18 Good Interview Questions to Ask Candidates

You’ve found several great candidates for an open position. But, you only want to send the best of the best to your client. How do you decide who the best candidates are? Ask them questions.

By interviewing your candidates, you can gain more insight on their skills and who they are as people. And, you don’t waste your client’s time with inadequate candidates. Overall, you’ll stand out as a recruiter who finds the best candidates.

But to do all this, you need good interview questions to ask candidates.

Interview questions to ask candidates

Below are interview questions to ask candidates. The questions are divided into sections by type of question. Takes notes during the interviews and save them for later.

Background interview questions

Here are basic questions to ask an interview candidate to learn about their background.

  • Why are you unemployed? Or, why do you want to leave your company? Employees leave jobs for both good and bad reasons. An employee who was fired for misconduct might be questionable. An employee who wants to change jobs to gain more opportunities might show more promise.
  • Have you applied for any other jobs? Do you have any offers? It might not be worth the time to send through a candidate who has multiple offers already. Or, if a candidate is a huge standout with another prospect, you can encourage your client to look at the candidate sooner.
  • How flexible are you to commute or move? Sometimes, changing jobs means the employee must commute further or even move. Find out if the candidate is willing to make this adjustment.

Experience interview questions

You need good interview questions to ask a candidate about their skills and experience.

  • How does your experience relate to this opening? The candidate should be able to talk about their experience without reading straight from their resume. Not being able to talk about their experience might be a sign that the resume is fake. The candidate should also demonstrate that they are familiar with this particular job and the experience it requires.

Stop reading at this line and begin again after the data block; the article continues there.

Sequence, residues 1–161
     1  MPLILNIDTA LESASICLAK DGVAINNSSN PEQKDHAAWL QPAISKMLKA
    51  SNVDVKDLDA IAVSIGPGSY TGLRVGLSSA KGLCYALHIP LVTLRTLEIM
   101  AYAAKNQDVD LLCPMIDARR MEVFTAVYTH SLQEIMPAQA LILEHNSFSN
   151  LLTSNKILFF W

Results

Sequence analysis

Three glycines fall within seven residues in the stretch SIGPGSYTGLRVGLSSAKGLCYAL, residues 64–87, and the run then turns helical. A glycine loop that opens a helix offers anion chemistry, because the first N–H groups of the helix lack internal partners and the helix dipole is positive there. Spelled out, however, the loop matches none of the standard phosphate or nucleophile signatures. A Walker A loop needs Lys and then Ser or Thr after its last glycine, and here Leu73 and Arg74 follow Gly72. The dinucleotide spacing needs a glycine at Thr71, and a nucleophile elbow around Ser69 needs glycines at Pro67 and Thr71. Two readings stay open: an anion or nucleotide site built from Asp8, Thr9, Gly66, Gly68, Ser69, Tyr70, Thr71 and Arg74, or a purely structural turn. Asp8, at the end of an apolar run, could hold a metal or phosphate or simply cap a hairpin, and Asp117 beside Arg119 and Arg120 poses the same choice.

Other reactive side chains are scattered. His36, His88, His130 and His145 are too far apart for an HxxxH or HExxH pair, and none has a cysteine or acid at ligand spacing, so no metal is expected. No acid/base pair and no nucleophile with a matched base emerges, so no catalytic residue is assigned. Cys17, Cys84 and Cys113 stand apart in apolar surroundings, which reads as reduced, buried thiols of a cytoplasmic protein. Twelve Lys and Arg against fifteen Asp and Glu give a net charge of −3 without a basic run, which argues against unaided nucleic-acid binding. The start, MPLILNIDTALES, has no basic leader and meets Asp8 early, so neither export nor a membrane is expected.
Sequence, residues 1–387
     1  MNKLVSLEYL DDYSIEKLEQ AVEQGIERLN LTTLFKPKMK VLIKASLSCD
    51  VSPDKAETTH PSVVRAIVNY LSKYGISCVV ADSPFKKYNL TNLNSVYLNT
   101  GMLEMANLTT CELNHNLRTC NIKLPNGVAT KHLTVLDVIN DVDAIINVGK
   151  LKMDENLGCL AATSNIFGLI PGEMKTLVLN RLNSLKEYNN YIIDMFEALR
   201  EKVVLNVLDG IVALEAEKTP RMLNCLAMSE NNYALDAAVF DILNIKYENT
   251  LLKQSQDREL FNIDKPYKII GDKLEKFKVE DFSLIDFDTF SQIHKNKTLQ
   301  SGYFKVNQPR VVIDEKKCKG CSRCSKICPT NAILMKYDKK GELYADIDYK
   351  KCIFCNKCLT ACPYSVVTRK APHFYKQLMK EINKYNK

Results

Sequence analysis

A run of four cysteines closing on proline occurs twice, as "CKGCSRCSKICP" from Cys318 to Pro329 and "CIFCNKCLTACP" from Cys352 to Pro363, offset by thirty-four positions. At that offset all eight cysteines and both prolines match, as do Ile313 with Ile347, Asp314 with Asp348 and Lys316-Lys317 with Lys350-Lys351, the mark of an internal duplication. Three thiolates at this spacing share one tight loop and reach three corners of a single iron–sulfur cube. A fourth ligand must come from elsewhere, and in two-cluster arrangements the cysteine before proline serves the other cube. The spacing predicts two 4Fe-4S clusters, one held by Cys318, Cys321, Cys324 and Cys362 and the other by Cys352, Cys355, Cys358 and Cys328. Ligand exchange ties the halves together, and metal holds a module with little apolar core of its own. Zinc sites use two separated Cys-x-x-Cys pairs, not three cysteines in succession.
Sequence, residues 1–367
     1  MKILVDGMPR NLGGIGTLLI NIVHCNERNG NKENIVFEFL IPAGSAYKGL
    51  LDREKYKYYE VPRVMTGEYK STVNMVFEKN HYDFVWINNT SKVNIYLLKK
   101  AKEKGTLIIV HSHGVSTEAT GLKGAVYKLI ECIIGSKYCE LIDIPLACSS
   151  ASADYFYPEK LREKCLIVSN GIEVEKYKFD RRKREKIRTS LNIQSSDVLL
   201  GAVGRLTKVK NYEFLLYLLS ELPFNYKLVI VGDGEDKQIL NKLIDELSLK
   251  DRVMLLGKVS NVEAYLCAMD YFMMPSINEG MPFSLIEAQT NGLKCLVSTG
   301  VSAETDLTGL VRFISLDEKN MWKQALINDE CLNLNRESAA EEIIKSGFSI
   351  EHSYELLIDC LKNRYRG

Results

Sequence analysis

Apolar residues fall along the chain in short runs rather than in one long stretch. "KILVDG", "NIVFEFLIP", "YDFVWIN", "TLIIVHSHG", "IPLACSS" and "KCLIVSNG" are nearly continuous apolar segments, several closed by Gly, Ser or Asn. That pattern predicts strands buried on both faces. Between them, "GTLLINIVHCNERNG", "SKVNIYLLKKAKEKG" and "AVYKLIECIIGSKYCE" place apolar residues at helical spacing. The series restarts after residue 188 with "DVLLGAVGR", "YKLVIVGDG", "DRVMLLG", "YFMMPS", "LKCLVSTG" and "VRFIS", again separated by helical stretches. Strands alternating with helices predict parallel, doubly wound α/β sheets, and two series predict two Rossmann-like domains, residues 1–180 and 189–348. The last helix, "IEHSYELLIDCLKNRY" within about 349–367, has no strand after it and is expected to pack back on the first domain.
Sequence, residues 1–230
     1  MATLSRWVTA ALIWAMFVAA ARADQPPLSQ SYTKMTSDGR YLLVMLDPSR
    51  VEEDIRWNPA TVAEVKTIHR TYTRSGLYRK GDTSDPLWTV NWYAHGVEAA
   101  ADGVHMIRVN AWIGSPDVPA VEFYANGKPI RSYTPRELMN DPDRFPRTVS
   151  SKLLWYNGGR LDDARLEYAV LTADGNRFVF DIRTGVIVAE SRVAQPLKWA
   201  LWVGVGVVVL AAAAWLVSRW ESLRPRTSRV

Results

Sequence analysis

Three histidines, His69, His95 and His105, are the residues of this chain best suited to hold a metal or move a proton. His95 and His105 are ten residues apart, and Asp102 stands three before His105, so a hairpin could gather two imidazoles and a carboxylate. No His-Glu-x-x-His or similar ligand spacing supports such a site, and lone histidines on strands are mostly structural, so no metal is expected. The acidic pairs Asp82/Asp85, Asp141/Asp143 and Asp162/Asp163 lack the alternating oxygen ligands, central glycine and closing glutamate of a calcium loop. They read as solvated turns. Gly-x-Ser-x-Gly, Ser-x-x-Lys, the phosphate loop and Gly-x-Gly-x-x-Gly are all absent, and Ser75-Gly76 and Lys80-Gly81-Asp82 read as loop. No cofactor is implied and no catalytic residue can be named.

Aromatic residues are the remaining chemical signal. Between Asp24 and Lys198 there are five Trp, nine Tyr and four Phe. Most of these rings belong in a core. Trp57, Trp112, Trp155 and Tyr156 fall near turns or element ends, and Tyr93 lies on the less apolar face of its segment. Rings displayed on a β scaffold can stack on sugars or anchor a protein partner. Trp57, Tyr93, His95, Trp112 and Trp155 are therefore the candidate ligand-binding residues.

• Can you tell me what you did at [specific job]? Asking about a specific job can give you more insight on how good of a fit the candidate is. Instead of the resume overview, you get in-depth details on what the candidate actually did on an everyday basis.
  • How have you used [specific] skill? Your candidate might say they have a specific skill, but you need to know how proficient and experienced they are. Ask them how long they have been practicing the skill and how they use it. You might even ask the candidate to explain a complex topic to see how well they know their skill.
  • What are you the most proud of? This question lets the candidate talk about an accomplishment. Typically, the accomplishment will show the candidate’s potential and what brings them joy. But watch out for responses like, “I showed up to work every day.” These types of response might indicate a low-performing worker.

Behavioral interview questions

Behavioral interview questions help you find out how the candidate will react in certain situations. Here are some of the behavioral questions you can ask: